With money, is everything and anything achievable? In The Great Gatsby, many characters tried to pursue their own idea of true happiness, including Gatsby himself. The one thing these characters all had in common was their immense wealth. However, even with their immense wealth, they were not able to accomplish everything, such as their own happiness. Money is undoubtedly one of the most important factors to human society, but there are still limits on what it can and cannot do.
Once in awhile I go off on a spree and make a fool of myself, but I always come back, and in my heart I love her all the time"(Fitzgerald 140). When he says this, he thinks the cheating he does is fine. He thought daisy would never leave him no matter what horrible things he did because she needs the money to live the life she has always cherished. This betrays him because she finds love in Gatsby and she can still live the wealthy life she wanted. The wealth corrupted everyone one in this story to think it brought happiness.
Fitzgerald uses Daisy as the epitome of wealth, calling her “the golden girl” with a voice “full of money” (120). While Daisy may seem perfect, it becomes apparent that her life is far from flawless when Nick learns that her husband is having an affair, and her reputation is even further tainted when Daisy herself has an affair with Gatsby. By showing that Daisy is a trophy in Gatsby’s eyes, Fitzgerald makes his strongest case for the corruption of the upper class. If the golden girl, the perfect woman, leads a life so lacking in morality, what could this possibly mean for the rest of the elite? By making it clear that Daisy is considered to be the ultimate prize, Fitzgerald clearly shows that the wealth of the upper class has given them more power than they know what to do with, leading to seemingly nonexistent morals and a lifestyle so detached from reality that they cannot even see their
Money and Happiness In The Great Gatsby Fitzgerald offers up commentary on a variety of themes: justice, power, greed, betrayal, and the American dream, to name a few. Of all the themes, perhaps none is better developed than that of social stratification. The Great Gatsby is seen as a great book that offers a view into American life in the 1920s and also of today. Throughout the social classes of today’s world, people continue to seek happiness, though they use different methods. However, I believe that until they are satisfied with what they already have, they will never gain complete happiness.
This novel shows the lack of social skills in newly made millionaires such as Gatsby that cannot even pick up on an invitation to lunch. This book was enjoyable to read because it set in when America was becoming an economic superpower and it was relatable in some ways. Jay Gatsby was someone that went from rags to riches which happens more often in the 21st century. Gatsby was a pioneer of coming from poverty into millions of dollars. This shows the American Dream as advertised.
Daisy displays her greed throughout the novel; she marries Tom Buchanan because of his wealth. Gatsby himself realizes Daisy’s obsession with money: “‘She never loved you, do you hear?’ he cried. ‘She only married you because I was poor and she was tired of waiting for me’” (Fitzgerald 130). The quote reveals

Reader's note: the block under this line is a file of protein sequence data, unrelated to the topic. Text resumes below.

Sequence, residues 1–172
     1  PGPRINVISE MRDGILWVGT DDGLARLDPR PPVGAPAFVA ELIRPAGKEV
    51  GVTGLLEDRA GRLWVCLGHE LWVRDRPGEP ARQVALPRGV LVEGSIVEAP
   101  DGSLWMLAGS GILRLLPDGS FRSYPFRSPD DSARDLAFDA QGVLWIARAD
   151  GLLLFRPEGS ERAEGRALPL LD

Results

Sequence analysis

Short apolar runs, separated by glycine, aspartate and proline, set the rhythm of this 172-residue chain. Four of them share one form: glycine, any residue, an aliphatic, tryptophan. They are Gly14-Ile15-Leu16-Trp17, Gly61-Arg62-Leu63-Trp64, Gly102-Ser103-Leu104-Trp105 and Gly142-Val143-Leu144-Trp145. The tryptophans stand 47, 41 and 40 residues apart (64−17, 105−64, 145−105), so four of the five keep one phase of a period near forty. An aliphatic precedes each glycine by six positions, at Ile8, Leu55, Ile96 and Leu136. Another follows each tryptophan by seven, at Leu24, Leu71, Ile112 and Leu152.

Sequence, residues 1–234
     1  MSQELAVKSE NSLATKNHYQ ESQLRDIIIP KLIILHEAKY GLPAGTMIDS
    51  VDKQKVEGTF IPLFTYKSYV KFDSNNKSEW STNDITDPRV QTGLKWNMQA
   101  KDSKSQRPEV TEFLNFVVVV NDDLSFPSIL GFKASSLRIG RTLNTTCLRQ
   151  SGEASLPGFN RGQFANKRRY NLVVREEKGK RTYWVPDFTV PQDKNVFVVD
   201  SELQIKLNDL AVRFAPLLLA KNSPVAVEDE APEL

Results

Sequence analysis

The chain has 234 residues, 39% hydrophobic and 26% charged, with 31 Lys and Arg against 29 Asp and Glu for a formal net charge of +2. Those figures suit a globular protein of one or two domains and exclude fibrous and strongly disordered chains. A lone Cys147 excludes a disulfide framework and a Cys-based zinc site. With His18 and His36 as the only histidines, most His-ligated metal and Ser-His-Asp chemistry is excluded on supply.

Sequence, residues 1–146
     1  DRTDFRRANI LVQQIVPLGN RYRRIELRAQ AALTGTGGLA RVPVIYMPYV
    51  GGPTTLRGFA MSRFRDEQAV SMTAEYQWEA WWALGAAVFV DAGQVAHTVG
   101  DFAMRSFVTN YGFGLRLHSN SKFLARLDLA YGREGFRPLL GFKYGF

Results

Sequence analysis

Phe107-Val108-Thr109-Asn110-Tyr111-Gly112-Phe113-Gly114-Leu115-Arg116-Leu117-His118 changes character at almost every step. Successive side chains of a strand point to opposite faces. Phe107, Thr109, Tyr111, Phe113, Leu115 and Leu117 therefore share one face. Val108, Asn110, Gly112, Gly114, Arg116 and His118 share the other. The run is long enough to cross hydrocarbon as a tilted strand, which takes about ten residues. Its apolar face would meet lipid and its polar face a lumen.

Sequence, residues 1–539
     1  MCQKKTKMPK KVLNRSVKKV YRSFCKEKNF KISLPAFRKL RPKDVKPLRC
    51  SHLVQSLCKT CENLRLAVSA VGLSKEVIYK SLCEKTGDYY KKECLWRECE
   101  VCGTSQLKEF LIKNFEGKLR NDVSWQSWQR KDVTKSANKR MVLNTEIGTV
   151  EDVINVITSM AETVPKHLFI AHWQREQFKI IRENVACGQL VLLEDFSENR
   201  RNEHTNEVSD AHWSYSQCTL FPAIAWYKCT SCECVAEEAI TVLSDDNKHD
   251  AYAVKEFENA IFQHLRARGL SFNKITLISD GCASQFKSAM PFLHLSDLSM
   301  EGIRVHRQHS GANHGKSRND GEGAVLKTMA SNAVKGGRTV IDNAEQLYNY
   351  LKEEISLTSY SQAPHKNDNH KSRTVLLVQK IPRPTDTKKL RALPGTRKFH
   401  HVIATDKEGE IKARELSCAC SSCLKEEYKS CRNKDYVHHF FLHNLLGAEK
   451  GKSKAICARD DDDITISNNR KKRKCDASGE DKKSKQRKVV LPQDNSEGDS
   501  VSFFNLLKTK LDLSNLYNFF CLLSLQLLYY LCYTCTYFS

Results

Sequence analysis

“He talked a lot about the past” like he yearned to “recover … some idea of himself” (110) because he is displeased with what he has become. His obsession with Daisy, whose voice was “full of money” (120) led directly to his death. As indicated by Gatsby, the pursuit of wealth is not a pursuit of happiness and can lead to a lifetime of disappointment and
"You won 't get lonely, Charles... You 'll be the richest man in the world someday." (Citizen Kane, 1941) Kane’s parents used the power of money as an accessory for giving him away to a billionaire. Since that day, the protagonist went through a traumatizing experience, insecurity and redisposition due to his parents’ actions, which marked the beginning of his tortuous need, to be loved. This unreturned love created a sense of fear and mistrust to love something or someone, only to experience abandonment again was something Kane never got a chance to learn. Citizen Kane broke all the rules because of Welles, there were no
The Great Gatsby Literary Analysis “They were careless people…” says Nick Carraway, the narrator of The Great Gatsby. In a story depicting the 1920s during a time of prosperity, growth, and the emergence of the America as a major global power, this statement may seem to be contrary. But in reality, Nick Carraway’s description of his friends and the people he knew, was not only true, but is an indication of those who were striving for the American dream. F. Scott Fitzgerald suggests that the American Dream is foolish, the people who pursue it are immoral and reckless, and this pursuit is futile. First, F. Scott Fitzgerald proposes that the American dream is foolish.
Thus, we can interpret that she wants to be with Tom because he has a rich and famous life. When myrtle firstly spoke of Gorge, she stated “The only crazy I was when I married him. I knew right away I made a mistake. He borrowed somebody’s best suit to get married in, and never told me about it, and the man came after it one says when he was out…” This statement of myrtle represents her to be materialistic person who regrets her marriage with Gorge typically because he is from a